N E I G H B O U R S
Ethiopia-E Eritrea Ties: Past, Present, FUTURE M. Venkataraman analyses the transformation of Eritrea-Ethiopia ties from one of harmony and mutual gains to hostility and conflict, and the prospects of resolving the border row between the two neighbours
he Horn of Africa has witnessed turmoil during the past decade. Endless conflicts –– both inter-regional and intra-regional –– have been the hallmark of the countries situated in this important region. Nevertheless, when viewed in terms of the much talked about “globalisation” trying to encompass the whole world, it would not be an exaggeration to state that the Horn of Africa has not invited much attention nor been given the much needed impetus to harness the “benefits” of globalisation. This is primarily due to the fact that countries in the Horn have been locked in constant struggles –– both internally and externally driven –– making their prospects for development bleak. This article unravels the situation by taking the case of Eritro-Ethiopian relations since Eritrea’s de-facto independence in 1991. “Any Ethiopian of this or future generations will be able to forget the disadvantages that our country suffered in the days that we didn’t have access to the sea. It has been for a long time the desire of Ethiopia to be returned their ports to the native mother...situated in the renowned strait of Bab al-Mandeb, through which more ships pass than in any other strait of the globe ...Ethiopia will be a sentry to help and to attend the great number of ships that caters to the world trade.”1This statement by Haile Selassie makes one ponder over the current claim on Assab by the Ethiopian People’s Revolutionary Democratic Front (EPRDF) government in Ethiopia and the present stalemate over the Badme issue, which has lately gained prominence in their bilateral relationship in spite of it having little geographical or strategic value. The Frontiers The frontier that Eritrea shares with Ethiopia is 1,000 kms long and it was negotiated by means of diverse treaties signed between Italy and Ethiopia between the years 1890 and 1908. Of these the most important is the treaty of May 15, 1902, signed in Addis Ababa. Its first article says: “The frontier treaty among Ethiopia and Eritrea previously certain for the line Tomat-Todluc will be mutually modified in the following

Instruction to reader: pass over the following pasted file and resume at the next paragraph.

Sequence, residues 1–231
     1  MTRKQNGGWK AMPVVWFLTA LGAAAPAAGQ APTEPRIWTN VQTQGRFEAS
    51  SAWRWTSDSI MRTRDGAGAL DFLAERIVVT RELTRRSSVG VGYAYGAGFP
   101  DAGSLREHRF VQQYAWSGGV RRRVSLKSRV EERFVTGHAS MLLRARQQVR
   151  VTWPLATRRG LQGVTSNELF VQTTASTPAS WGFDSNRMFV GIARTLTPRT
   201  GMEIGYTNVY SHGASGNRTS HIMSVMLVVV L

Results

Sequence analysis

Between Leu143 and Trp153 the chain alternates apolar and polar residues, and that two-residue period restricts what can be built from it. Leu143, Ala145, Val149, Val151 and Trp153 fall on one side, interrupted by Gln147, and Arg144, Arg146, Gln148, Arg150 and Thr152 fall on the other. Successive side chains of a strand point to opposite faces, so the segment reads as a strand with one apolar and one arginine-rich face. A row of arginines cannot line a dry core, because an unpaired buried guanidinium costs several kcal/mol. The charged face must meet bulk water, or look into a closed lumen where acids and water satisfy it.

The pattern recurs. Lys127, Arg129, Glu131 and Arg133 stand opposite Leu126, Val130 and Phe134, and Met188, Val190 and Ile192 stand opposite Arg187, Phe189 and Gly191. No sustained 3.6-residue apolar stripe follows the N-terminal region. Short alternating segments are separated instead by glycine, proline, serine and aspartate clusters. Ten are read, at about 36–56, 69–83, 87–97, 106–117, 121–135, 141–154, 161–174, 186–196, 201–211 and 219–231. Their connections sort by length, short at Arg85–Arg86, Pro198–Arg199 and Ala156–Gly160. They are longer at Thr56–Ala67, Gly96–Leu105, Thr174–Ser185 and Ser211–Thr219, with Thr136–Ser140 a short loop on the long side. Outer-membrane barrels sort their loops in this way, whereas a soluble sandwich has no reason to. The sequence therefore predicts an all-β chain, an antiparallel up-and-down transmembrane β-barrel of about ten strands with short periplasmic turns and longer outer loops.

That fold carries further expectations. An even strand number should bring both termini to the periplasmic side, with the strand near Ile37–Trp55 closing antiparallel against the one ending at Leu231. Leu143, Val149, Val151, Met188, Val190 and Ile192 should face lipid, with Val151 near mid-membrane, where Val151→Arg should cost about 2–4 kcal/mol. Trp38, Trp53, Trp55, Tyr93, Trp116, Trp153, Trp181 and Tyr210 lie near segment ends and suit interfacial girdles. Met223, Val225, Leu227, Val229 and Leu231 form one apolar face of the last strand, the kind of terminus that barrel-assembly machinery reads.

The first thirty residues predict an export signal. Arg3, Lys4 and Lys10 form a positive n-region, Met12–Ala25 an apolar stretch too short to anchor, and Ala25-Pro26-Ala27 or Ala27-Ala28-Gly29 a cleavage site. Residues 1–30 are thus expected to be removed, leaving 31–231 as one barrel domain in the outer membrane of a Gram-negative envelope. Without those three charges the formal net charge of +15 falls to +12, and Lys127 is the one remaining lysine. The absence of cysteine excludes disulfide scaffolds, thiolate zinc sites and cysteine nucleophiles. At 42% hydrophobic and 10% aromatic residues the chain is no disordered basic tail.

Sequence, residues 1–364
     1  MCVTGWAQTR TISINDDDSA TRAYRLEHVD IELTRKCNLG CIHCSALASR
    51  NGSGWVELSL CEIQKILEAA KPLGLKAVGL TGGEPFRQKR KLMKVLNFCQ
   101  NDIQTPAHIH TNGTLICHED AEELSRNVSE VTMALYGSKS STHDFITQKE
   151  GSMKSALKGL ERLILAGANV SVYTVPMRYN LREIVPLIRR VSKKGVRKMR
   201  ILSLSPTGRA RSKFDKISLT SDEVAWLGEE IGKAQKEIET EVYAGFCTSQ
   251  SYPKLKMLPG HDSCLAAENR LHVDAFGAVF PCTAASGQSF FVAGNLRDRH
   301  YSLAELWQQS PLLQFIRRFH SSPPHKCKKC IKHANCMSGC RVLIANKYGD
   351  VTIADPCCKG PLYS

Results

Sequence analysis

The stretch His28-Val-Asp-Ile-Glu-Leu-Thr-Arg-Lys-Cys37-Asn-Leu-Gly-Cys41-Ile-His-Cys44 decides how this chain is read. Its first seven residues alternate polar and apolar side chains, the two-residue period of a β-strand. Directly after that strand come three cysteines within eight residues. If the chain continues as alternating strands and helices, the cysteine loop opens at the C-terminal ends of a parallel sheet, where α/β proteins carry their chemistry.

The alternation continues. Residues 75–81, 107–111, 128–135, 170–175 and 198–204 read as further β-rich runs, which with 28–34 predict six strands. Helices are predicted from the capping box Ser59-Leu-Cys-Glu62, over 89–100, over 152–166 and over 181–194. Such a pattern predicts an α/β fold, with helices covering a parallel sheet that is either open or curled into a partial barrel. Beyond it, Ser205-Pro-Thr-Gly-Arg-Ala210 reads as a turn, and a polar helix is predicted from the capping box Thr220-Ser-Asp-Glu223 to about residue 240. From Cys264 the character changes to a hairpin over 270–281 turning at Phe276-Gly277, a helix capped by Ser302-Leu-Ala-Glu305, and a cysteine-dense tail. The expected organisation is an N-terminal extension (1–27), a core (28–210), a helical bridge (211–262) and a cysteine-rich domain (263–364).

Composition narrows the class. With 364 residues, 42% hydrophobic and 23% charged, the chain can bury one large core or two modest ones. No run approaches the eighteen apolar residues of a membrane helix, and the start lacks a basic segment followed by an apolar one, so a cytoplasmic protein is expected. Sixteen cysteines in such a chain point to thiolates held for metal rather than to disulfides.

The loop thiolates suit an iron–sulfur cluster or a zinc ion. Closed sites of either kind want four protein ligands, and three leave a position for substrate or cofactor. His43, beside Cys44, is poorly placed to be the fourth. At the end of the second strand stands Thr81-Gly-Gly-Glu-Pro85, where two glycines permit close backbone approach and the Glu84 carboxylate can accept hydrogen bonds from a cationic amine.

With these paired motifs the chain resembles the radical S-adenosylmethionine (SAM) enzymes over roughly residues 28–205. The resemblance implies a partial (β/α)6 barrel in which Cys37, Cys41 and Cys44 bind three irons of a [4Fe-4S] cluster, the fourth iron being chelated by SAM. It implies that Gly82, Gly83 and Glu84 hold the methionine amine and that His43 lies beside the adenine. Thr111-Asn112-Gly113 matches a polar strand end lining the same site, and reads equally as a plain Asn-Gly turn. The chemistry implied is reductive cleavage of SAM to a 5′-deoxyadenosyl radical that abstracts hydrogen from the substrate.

way: Beginning the union of the Khor Um Hagar with the Setit, the new frontier follows this river until the union with the Maieteb, following this river in such a way that the mount Ala Tacura is on the side of Eritrea until finding the Mareb and its fork with Mai Ambessa.”2 These frontiers were ratified in the constitution given to Eritrea on September 11, 1952, at the time of its federation with Ethiopia. Article 1 of this constitution says: The territory of Eritrea, including the islands, is that of the Italian former colony of Eritrea.3 The long frontier that both of them share and the growing amalgamation due to the annexation of Eritrea with Ethiopia for almost 50 years is a complex and conflicting issue for two important reasons: Firstly, the population living in the province of Tigray on the Ethiopian side has a lot to share with the population of Tigrinya on the Eritrean side in terms of language, culture, religion and common history and secondly, Eritrean independence has left Ethiopia without access to the sea making Ethiopia look for the possibility of acquiring the port of Assab.4 What is noteworthy is that the frontier is an open one that separates densely populated areas in both countries. The Eritrean highland extends into the territory of Ethiopia until it reaches Addis Ababa. In times of peace, it can be a frontier that could amalgamate the two populations and a strong economic/commercial exchange can be developed as it did in the initial years of Eritrea’s independence. But, in a state of war, it is a frontier that presents strong vulnerabilities for Eritrea and is extremely expensive to defend militarily. And obviously, aspirations to have access to sea according to the geo-political law by Ethiopia would be a factor determining their bilateral relationship. Hence, outlet to the sea would be an important aspect of Ethiopia’s foreign policy. Period of Initial Cordiality Eritrean independence was achieved by efforts of the Eritrean People’s Liberation Front (EPLF) and the TPLF who, in union with other political forces, overthrew the leftist dictatorship of Mengistu Haile Mariam. In fact, in both Eritrea and in Ethiopia, there were changes in government.